Another Man meets the filmmaker telling the glittering tale of Michael White, the man known as The Last Impresario
It’s been said that Michael White is the only person you need to know, to know everyone in London. Today, he has 101 stage productions and 27 films to his name. A trailblazing producer, playboy, gambler and hellraiser, he has been the effervescent enigma at the centre of London nightlife for decades. Born before the war, he has partied with the Chelsea set and the hippies, the punks and new wavers – he was even clubbing with Kate and Naomi in the 90s. He is as notorious for his superhuman social stamina and the beautiful women on his arm as for his boundary-pushing film and stage productions. With a reputation for taking huge risks on projects he believed in, he made and lost several fortunes along the way, his luck rollercoastering between smash hits and dismal flops. For White it was always less about the money than the show – and the party afterwards.
Here we speak to Australian filmmaker Gracie Otto, the young director of a new documentary on the producer, The Last Impresario. Otto clocked him at a Cannes party in 2010: “At the Opening Night after party, I noticed this elegant old man with a walking stick who seemed to be the centre of attention. I offered to get him a drink and he asked for my phone number which I thought was hilarious.” For three years, Otto followed White with her camera, crafting a beguiling, celebratory tribute weaving Super 8, newsreels, and commentary from 60 of his closest friends, including Kate Moss, Anna Wintour, Yoko Ono, John Waters and Naomi Watts. As the impresario is profiled for the current issue of Another Man, we speak to filmmaker Otto about her experiences making the film, creating the cinematic portrait of "the most famous person you have never heard of".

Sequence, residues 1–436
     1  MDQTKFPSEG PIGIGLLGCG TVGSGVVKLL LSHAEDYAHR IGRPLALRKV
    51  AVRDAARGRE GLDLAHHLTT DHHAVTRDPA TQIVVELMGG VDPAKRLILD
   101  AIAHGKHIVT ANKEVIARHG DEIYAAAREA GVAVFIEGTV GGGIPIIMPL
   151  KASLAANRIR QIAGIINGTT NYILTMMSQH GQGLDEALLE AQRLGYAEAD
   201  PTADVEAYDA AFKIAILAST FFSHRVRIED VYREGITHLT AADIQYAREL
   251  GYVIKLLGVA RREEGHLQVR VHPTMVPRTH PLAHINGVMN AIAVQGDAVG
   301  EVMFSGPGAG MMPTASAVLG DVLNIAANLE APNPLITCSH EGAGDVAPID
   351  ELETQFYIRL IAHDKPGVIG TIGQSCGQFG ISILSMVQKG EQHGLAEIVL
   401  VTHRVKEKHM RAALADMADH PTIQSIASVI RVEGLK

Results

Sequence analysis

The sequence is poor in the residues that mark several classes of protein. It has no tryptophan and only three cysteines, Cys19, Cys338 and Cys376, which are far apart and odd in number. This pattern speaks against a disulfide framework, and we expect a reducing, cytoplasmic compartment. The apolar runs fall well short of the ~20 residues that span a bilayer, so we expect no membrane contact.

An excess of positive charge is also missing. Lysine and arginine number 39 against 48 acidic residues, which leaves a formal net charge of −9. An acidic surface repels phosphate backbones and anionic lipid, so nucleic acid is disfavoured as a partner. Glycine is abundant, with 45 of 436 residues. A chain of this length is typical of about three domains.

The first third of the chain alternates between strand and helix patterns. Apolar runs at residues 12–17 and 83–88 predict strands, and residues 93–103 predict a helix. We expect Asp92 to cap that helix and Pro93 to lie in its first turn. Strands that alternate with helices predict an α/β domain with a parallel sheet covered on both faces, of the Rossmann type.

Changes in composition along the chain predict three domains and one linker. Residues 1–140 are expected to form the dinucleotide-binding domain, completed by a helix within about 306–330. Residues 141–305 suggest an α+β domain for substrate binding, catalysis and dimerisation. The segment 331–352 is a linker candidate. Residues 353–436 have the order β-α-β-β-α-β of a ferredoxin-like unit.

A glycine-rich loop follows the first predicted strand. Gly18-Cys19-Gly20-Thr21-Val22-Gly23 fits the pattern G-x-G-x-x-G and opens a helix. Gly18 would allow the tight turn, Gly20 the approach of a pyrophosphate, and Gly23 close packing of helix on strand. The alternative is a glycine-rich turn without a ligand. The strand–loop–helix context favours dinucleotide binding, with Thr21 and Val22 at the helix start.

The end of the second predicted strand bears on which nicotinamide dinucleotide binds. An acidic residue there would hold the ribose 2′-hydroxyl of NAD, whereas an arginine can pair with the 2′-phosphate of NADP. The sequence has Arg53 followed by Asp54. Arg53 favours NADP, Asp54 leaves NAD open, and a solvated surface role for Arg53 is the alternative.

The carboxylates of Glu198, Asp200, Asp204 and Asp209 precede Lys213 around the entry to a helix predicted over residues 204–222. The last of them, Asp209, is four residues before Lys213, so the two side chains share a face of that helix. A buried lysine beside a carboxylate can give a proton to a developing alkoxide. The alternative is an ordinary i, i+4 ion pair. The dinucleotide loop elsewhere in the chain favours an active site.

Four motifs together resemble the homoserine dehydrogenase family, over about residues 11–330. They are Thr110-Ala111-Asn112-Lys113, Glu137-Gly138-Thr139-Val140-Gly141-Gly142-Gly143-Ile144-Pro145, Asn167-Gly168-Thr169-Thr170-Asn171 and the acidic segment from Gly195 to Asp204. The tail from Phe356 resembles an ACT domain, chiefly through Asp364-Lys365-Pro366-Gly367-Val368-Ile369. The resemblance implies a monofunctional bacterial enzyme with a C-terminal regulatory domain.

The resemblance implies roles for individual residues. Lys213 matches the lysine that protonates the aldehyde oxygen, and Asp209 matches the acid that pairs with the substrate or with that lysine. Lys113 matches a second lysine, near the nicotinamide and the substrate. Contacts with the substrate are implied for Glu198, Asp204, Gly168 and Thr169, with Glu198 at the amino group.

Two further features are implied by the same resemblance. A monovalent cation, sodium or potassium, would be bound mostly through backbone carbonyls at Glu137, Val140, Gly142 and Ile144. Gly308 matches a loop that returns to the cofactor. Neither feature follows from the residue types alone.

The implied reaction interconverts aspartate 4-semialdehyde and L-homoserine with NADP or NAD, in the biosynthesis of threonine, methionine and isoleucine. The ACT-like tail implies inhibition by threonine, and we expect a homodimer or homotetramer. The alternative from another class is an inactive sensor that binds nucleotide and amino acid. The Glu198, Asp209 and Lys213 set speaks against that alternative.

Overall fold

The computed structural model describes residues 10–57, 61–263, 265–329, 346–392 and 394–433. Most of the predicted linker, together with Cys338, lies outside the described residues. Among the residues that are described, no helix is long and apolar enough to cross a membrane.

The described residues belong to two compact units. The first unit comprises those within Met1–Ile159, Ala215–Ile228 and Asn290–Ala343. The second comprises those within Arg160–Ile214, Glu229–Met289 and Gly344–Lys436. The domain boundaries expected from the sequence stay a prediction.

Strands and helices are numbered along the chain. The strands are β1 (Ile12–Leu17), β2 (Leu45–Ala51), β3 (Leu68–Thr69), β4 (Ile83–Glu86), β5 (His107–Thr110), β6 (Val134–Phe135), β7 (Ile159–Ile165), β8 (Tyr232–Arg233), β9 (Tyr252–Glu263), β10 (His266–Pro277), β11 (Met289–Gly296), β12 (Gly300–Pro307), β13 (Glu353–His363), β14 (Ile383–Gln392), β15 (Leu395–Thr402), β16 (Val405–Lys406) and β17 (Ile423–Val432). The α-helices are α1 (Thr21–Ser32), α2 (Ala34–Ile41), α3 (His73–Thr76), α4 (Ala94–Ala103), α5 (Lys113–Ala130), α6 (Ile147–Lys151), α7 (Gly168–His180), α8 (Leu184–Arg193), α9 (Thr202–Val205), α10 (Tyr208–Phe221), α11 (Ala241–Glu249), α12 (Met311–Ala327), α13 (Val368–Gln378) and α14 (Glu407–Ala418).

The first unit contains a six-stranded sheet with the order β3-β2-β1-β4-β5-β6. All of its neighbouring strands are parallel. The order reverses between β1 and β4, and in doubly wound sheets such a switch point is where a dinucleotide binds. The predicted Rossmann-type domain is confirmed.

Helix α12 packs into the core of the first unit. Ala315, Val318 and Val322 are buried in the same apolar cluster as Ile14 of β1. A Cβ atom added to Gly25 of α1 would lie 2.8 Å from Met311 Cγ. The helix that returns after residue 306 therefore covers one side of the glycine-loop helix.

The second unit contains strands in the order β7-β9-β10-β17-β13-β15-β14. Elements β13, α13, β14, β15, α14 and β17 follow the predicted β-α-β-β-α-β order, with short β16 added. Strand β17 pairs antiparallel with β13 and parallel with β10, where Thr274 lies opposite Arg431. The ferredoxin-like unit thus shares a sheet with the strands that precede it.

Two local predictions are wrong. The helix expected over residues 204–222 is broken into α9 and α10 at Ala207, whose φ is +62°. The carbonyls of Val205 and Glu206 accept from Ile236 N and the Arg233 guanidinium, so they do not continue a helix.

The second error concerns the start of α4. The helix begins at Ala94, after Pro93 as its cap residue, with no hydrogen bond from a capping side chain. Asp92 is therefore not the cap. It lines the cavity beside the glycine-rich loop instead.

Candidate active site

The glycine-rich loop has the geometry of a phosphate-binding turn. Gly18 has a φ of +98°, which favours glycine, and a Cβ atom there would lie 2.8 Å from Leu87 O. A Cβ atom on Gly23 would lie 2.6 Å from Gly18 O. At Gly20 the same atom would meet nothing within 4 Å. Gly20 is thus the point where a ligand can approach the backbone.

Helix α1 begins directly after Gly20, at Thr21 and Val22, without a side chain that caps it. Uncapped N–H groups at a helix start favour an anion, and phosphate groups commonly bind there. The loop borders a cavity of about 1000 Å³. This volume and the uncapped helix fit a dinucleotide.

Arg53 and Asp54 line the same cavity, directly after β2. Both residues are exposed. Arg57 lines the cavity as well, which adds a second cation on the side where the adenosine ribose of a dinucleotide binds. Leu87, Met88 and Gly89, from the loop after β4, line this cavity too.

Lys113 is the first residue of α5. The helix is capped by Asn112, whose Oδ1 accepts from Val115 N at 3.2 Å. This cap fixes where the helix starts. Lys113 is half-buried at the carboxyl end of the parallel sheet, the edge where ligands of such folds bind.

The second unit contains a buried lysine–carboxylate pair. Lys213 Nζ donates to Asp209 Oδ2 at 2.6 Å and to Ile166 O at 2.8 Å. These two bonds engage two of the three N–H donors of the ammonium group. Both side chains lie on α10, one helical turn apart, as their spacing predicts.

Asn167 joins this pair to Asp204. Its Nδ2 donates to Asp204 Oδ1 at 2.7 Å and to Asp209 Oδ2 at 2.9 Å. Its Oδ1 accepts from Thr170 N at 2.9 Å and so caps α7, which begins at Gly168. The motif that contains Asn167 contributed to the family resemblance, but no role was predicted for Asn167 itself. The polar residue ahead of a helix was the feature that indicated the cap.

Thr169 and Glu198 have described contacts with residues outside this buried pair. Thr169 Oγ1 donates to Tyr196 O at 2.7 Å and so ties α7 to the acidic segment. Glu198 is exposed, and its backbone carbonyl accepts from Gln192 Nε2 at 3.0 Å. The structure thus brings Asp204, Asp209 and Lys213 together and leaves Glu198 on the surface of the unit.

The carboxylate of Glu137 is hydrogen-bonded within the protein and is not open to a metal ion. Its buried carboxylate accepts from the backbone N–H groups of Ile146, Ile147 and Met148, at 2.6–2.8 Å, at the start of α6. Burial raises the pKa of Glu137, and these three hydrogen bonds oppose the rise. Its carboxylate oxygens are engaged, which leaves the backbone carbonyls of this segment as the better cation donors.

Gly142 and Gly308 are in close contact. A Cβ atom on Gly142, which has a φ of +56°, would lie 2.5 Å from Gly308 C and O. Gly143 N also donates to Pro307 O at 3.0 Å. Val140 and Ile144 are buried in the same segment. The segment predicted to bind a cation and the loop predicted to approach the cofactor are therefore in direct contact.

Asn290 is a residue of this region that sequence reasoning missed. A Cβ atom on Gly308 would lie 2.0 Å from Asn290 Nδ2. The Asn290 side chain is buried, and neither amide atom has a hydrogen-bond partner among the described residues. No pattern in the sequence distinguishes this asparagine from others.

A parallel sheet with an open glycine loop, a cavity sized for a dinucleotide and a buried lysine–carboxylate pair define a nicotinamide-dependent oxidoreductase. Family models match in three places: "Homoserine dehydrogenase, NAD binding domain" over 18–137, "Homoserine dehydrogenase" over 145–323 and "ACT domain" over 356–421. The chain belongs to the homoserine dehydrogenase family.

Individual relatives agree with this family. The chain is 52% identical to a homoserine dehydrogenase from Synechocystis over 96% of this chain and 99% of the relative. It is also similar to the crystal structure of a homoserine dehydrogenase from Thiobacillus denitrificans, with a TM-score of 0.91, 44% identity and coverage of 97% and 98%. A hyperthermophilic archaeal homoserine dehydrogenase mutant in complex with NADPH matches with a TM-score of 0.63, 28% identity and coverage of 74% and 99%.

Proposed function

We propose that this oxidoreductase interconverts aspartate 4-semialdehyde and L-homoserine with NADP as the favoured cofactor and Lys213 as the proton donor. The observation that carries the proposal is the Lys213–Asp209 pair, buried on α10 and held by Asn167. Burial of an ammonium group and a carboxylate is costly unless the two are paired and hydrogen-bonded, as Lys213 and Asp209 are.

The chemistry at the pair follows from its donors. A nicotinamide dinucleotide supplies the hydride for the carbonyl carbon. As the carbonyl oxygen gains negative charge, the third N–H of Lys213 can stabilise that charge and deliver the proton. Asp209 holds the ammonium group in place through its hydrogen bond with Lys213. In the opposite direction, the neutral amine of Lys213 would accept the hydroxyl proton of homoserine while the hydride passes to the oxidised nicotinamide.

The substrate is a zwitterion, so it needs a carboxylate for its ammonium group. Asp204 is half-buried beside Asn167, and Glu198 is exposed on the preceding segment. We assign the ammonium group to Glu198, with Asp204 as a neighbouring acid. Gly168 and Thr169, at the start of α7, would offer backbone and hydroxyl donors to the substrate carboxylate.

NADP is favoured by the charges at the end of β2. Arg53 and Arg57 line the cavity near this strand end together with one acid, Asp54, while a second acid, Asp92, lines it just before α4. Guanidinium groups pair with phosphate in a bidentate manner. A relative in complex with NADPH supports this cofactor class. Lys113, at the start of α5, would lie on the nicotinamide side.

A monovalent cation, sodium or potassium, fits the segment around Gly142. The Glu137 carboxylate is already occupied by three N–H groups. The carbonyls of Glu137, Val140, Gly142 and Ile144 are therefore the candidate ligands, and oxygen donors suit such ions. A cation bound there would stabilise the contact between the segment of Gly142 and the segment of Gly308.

What’s your favourite Michael White story?
I love to imagine the time in 1973 when Michael met with the director and writer of The Rocky Horror Show, in a basement off the Kings Road. They had this idea for a low-brow, sci-fi musical they thought might have limited appeal. They played a few songs on acoustic guitar. Michael decided to produce it for a budget of £2,000 at the little upstairs Royal Court Theatre. Nobody could have imagined that The Rocky Horror Show would be still running today…
You gathered an amazing array of his famous friends for this film…
I loved meeting Kate Moss at the Bulgari Hotel penthouse! She and Michael share a birthday and she was so natural and generous talking about him. She said: “He was unstoppable – completely unstoppable. They don’t make them like that any more. He’s that old school classic.” I tried to catch John Cleese for three years and finally he said, “I’ll meet you on the 15th in Monte Carlo.” He told me a funny story about shooting the first Monty Python film that Michael helped produce. The budget was small and he was told he would have to share a hotel room in Scotland and he roared laughing – “I thought I was a film star. I didn’t think Cary Grant shared hotel rooms.” And I interviewed Yoko Ono in New York. She really appreciated that Michael produced her first work in London – “Most producers were trying to give an opportunity to male artists. He didn’t care if it was a woman or man.”
It took three years to make the film - was Michael always happy to have you around?
Michael would have been happy if I had finished the film two years ago – he was always saying “Enough! Enough!” But I wanted to do justice to his incredible life story. I was basically funding it myself. I would get a job in Australia or Paris and make a bit of money and then buy a plane ticket to wherever in the world Michael might be: Cannes, Los Angeles, London, New York…
Michael isn’t someone who likes dwelling on the negative – was it difficult getting him to talk about the more painful things in his life – his health troubles, and his financial losses for example?
Michael never wants to talk about the negative times in his life – he is a complete optimist and makes the most of every day. He loves life and he loves being with people. It’s more difficult now because he is older and frailer. He once said to me, “I went out every night for 40 years. I can’t go out every night now.” Maybe not every night, but I still have trouble keeping up with him.
The documentary is reminiscent of the Robert Evans documentary The Kid Stays in the Picture. Have we lost those larger-than-life figures these days?
I love that Robert Evans film about his Hollywood heyday. The days are long gone for the “Impresario Producer” – the old fashioned showman. Times have changed – once Michael could put up his own money or maybe get together a small number of investors to each put in $5,000. Now shows need corporate investment of millions of dollars. It’s a great shame because nobody can afford to take a risk these days. Michael was one of the great risk-takers.
Text by Hannah Lack